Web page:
1870 to 1950 - Sharecropping (watch)
Sharecropping became widespread in the South as a response to economic upheaval caused by the end of slavery during and after Reconstruction. Sharecropping was a way for very poor farmers, both White and Black, to earn a living from land owned by someone else. The landowner provided land, housing, tools and seed, and perhaps a mule, and a local merchant provided food and supplies on credit. At harvest time, the sharecropper received a share of the crop (from one-third to one-half, with the landowner taking the rest). The cropper used his share to pay off his debt to the merchant.
The system started with Blacks when large plantations were subdivided. By the 1880s, white farmers also became sharecroppers. The system was distinct from that of the tenant farmer, who rented the land, provided his own tools and mule, and received half the crop. Landowners provided more supervision to sharecroppers, and less or none to tenant farmers. Sharecropping in the United States probably originated in the Natchez District, roughly centered in Adams County, Mississippi with its county seat, Natchez.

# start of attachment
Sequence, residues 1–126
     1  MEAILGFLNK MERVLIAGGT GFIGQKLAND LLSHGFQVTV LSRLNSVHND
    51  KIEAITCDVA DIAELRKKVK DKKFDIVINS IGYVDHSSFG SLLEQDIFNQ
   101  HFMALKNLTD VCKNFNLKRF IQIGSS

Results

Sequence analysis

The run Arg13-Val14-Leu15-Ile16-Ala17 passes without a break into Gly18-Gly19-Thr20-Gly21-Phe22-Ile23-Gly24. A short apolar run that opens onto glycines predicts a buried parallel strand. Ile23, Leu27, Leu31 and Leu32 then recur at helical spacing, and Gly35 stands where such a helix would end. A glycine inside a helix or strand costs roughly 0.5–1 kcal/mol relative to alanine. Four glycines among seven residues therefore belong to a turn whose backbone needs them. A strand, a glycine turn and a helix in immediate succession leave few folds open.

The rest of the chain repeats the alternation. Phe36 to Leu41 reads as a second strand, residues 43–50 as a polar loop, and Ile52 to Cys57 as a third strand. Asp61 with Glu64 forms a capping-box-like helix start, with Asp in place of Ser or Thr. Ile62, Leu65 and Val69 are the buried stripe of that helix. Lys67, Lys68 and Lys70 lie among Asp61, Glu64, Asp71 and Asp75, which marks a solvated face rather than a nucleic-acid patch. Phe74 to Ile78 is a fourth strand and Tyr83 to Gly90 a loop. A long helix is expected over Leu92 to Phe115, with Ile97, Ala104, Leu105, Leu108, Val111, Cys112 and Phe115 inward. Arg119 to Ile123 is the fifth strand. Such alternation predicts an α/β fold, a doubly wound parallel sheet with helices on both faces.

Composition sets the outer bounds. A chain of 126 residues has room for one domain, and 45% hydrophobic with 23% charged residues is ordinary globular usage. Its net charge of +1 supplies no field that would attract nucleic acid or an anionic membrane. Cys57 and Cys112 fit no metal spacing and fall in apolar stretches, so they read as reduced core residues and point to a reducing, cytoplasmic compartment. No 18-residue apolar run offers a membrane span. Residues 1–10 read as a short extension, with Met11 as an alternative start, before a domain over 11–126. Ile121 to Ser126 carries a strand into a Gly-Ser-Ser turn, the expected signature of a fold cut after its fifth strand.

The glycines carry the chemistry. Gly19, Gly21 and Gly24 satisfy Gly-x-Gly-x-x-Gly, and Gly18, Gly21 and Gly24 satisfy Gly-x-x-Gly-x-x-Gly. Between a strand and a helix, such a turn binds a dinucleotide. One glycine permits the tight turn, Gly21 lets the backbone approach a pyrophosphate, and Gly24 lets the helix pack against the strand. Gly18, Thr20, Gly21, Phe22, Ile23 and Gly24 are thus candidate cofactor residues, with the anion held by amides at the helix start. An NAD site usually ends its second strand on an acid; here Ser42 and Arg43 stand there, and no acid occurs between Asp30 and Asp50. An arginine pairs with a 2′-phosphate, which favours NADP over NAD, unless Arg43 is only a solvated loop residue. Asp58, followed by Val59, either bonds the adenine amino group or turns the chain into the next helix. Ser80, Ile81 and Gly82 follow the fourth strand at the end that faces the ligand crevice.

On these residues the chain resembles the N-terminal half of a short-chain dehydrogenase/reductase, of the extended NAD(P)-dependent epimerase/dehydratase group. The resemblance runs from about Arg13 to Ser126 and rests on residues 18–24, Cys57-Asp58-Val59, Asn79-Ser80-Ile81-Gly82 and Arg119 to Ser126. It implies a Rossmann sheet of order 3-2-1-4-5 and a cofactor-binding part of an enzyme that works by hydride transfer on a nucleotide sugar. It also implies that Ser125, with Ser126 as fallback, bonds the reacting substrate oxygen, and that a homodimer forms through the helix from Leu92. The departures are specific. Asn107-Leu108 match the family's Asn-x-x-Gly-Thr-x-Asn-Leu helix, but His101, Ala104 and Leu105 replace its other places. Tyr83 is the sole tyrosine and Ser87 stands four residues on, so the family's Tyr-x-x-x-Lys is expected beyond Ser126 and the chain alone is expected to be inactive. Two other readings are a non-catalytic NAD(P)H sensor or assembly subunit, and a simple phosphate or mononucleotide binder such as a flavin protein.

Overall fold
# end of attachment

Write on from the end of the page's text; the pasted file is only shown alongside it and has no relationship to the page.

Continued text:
Sharecroppers worked a section of the plantation independently, usually growing cotton, tobacco, rice, sugar, and other cash crops, and receiving half of the parcel's output. Sharecroppers also often received their farming tools and all other goods from the landowner they were contracted with.
Landowners dictated decisions relating to the crop mix, and sharecroppers were often in agreements to sell their portion of the crop back to the landowner, thus being subjected to manipulated prices. In addition to this, landowners, threatening to not renew the lease at the end of the growing season, were able to apply pressure to their tenants. Sharecropping often proved economically problematic, as the landowners held significant economic control.
Although the sharecropping system was primarily a post-Civil War development, it did exist in antebellum Mississippi, especially in the northeastern part of the state, an area with few slaves or plantations, and most likely existed in Tennessee. Sharecropping, along with tenant farming, was a dominant form in the cotton South from the 1870s to the 1950s, among both blacks and whites.